And that criticism is coming from both sides of the aisle.
The conservative group Republicans for the Rule of Law joined with Protect Democracy ― a nonpartisan group launched by ex-Obama administration attorneys ― to school Trump on how oversight works. They’re doing it with an ad that will air Thursday in Washington on “Fox & Friends,” the president’s favorite show:
Fine had been expected to lead a panel of 10 independent inspectors general who would serve as watchdogs against fraud, abuse and mismanagement of the money. With Fine out of the job, however, he won’t be able to serve on the panel.
Trump has attacked at least three inspectors general over the past week. In addition to removing Fine, he fired Michael Atkinson, the inspector general for the intelligence community who dealt with the whistleblower complaint that led to the Ukraine investigation and Trump’s impeachment. And he’s slammed a report from a Department of Health and Human Services inspector general detailing the supply shortages and delays in testing equipment that have hampered the administration’s response to the pandemic.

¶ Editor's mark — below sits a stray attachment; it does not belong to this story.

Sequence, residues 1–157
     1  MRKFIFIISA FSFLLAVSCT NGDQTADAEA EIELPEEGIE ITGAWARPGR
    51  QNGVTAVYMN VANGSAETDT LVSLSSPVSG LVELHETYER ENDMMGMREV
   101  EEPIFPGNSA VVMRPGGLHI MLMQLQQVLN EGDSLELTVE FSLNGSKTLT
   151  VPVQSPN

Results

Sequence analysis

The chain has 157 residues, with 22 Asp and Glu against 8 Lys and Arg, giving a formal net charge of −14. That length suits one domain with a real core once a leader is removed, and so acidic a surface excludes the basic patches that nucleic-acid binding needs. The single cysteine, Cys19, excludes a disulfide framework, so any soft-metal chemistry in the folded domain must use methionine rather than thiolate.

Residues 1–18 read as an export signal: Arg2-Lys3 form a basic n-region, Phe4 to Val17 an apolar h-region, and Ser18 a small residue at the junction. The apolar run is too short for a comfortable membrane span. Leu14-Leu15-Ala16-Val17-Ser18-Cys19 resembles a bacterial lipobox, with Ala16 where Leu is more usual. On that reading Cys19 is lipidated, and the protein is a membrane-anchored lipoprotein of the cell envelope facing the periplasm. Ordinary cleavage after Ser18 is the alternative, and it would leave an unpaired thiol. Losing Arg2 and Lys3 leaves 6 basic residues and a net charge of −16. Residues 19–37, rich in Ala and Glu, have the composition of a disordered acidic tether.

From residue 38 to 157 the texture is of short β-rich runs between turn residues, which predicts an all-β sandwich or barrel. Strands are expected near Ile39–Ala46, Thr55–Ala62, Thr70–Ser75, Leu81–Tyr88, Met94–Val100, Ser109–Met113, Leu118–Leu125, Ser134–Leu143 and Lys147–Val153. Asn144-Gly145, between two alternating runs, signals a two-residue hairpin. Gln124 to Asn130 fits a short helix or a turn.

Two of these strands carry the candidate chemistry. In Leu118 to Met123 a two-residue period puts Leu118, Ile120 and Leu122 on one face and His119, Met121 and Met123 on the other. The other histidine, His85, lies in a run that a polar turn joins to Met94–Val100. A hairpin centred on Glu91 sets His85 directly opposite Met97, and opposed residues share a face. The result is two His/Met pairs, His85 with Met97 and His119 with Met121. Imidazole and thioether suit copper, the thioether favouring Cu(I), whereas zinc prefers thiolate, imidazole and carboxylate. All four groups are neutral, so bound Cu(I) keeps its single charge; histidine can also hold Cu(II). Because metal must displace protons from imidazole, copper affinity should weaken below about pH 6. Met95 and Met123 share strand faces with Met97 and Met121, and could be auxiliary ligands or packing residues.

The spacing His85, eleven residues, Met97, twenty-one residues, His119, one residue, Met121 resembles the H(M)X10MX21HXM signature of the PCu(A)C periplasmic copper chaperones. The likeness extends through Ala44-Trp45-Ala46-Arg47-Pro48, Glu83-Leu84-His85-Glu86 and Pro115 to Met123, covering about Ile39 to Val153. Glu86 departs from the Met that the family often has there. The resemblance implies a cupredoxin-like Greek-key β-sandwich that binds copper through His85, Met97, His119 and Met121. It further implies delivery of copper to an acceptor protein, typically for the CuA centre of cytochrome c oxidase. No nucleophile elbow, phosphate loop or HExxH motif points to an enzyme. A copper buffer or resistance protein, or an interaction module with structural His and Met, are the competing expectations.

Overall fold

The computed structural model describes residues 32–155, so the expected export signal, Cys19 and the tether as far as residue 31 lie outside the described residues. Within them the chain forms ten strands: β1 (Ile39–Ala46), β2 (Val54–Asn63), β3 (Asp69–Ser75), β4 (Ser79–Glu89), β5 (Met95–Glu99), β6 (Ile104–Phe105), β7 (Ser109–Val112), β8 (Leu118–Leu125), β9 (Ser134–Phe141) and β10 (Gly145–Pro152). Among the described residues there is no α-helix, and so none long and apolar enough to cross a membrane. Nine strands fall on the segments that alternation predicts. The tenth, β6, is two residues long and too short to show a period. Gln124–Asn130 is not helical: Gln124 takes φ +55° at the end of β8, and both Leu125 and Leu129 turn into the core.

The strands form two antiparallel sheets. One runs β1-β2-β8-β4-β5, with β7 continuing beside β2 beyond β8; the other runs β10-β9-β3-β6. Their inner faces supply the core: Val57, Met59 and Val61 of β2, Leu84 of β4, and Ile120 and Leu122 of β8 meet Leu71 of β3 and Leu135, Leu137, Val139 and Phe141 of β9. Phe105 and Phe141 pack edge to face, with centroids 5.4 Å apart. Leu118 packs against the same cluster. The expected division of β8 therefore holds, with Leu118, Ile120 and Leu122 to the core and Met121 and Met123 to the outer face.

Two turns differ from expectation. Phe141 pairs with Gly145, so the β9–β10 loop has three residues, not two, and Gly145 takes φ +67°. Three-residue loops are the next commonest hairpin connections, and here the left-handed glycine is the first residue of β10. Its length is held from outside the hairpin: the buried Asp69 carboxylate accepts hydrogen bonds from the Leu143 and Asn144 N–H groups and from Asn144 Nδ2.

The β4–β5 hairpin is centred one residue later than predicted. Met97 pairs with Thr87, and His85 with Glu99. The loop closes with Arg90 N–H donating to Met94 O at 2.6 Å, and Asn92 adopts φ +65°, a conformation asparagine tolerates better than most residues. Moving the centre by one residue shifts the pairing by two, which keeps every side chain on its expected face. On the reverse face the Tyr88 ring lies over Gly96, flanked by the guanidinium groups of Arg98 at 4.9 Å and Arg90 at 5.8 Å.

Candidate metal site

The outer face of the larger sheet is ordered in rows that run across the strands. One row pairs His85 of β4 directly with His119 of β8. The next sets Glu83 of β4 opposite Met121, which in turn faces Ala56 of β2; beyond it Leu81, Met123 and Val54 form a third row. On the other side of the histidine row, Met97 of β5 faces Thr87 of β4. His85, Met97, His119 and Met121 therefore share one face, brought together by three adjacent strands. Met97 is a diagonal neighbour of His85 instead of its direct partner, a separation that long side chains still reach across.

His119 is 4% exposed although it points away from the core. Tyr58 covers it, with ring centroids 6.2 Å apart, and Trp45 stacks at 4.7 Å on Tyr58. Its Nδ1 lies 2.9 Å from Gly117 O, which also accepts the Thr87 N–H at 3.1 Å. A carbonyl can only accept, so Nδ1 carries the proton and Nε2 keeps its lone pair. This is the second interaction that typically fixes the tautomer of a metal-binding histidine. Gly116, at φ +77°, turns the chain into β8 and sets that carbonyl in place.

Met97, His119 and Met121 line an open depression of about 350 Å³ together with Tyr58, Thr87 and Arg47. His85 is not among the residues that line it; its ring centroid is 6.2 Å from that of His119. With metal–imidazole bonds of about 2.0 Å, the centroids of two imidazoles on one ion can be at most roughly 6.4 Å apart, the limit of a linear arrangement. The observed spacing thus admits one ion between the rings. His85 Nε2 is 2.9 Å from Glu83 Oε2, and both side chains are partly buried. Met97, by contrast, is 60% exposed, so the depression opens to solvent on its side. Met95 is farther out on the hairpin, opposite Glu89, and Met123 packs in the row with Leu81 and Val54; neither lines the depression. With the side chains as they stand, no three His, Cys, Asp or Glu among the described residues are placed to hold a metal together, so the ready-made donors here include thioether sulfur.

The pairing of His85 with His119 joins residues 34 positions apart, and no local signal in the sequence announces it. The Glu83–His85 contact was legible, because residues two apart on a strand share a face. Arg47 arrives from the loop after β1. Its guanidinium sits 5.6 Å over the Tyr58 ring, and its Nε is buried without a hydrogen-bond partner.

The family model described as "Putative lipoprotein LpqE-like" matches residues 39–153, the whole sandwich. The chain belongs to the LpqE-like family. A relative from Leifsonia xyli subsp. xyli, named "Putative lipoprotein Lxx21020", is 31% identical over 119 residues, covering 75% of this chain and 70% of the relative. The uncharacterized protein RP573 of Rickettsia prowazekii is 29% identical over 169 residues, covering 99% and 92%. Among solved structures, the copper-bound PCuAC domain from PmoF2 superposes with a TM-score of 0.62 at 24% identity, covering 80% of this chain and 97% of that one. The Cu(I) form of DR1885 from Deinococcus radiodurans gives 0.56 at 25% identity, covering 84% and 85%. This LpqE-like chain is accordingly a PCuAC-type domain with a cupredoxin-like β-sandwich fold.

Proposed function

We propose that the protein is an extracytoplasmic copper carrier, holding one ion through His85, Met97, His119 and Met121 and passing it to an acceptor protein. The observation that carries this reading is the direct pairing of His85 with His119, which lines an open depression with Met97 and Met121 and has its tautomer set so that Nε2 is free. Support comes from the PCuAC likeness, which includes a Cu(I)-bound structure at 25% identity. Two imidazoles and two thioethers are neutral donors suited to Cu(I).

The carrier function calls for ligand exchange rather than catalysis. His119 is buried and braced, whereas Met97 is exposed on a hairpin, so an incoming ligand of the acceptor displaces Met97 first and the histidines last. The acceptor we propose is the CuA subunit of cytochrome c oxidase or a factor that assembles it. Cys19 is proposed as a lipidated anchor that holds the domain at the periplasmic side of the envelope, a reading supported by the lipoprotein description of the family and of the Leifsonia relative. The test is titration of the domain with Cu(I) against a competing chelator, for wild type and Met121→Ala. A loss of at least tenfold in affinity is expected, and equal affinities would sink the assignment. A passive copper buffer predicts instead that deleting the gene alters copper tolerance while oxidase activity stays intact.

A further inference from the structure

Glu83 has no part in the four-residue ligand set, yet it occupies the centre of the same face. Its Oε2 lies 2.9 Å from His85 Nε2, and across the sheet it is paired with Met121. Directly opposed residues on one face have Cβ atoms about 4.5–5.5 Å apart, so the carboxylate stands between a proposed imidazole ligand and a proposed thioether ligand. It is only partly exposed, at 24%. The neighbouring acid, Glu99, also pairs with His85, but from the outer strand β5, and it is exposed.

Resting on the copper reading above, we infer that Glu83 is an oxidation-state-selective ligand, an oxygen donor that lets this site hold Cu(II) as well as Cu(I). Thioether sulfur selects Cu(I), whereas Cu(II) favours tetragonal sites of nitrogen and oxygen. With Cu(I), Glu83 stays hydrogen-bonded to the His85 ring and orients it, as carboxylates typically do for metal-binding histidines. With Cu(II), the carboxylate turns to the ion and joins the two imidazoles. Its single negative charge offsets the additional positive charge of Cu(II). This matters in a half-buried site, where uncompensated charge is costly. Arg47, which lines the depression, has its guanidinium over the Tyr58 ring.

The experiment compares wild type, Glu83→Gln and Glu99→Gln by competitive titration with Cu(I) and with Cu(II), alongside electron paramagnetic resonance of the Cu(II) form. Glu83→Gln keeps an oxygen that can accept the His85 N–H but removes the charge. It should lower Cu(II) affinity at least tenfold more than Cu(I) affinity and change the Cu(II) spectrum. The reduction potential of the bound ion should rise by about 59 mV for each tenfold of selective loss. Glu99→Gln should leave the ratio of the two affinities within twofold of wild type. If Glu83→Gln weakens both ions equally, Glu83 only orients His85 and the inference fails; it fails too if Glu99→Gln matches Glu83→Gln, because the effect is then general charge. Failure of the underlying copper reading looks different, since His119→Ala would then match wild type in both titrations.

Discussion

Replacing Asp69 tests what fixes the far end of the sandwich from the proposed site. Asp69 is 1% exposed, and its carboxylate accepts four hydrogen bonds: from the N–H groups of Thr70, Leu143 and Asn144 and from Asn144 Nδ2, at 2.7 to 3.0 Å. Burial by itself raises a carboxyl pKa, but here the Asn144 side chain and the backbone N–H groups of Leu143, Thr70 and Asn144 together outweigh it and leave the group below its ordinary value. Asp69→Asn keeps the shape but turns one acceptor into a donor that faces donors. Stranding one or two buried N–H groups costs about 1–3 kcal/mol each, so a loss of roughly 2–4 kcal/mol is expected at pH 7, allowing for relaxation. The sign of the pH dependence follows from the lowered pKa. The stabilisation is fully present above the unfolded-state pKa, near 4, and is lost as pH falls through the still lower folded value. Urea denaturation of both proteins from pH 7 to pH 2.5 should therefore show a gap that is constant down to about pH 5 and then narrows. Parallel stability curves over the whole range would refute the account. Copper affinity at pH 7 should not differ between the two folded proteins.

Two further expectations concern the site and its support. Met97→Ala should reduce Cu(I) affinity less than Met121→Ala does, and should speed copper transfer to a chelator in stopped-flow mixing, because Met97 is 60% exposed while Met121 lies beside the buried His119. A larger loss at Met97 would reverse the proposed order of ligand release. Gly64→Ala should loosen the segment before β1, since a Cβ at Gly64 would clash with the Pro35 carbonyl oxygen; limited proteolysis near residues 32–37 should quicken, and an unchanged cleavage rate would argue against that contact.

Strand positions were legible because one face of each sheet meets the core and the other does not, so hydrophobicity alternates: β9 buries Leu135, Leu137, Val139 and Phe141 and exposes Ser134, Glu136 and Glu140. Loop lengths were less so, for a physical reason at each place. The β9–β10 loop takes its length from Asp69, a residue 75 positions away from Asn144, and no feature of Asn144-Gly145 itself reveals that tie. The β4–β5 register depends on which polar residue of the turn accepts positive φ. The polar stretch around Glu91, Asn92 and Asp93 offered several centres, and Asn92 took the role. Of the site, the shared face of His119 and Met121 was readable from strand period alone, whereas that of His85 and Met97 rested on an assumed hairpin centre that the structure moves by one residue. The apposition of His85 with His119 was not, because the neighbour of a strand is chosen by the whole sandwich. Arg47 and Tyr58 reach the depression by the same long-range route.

Republicans for the Rule of Law chief strategist Carson Putnam said Trump “considers oversight a personal insult.” In a news release, Putnam noted that the $2.2 trillion stimulus package was the most cash Congress had ever spent at once.
“It’s only fair that, with so much money sloshing around, there would be minimal standards and safeguards to make sure the money is spent in the public interest,” Putnam said.
Protect Democracy policy advocate Justin Vail said in the release that Trump had systematically rejected, undermined or ignored “every check and balance on executive power.”
“Blocking oversight related to coronavirus response and recovery is only the latest example of President Trump’s unprecedented efforts to avoid any accountability,” Vail said, then warned: “There will be more.”
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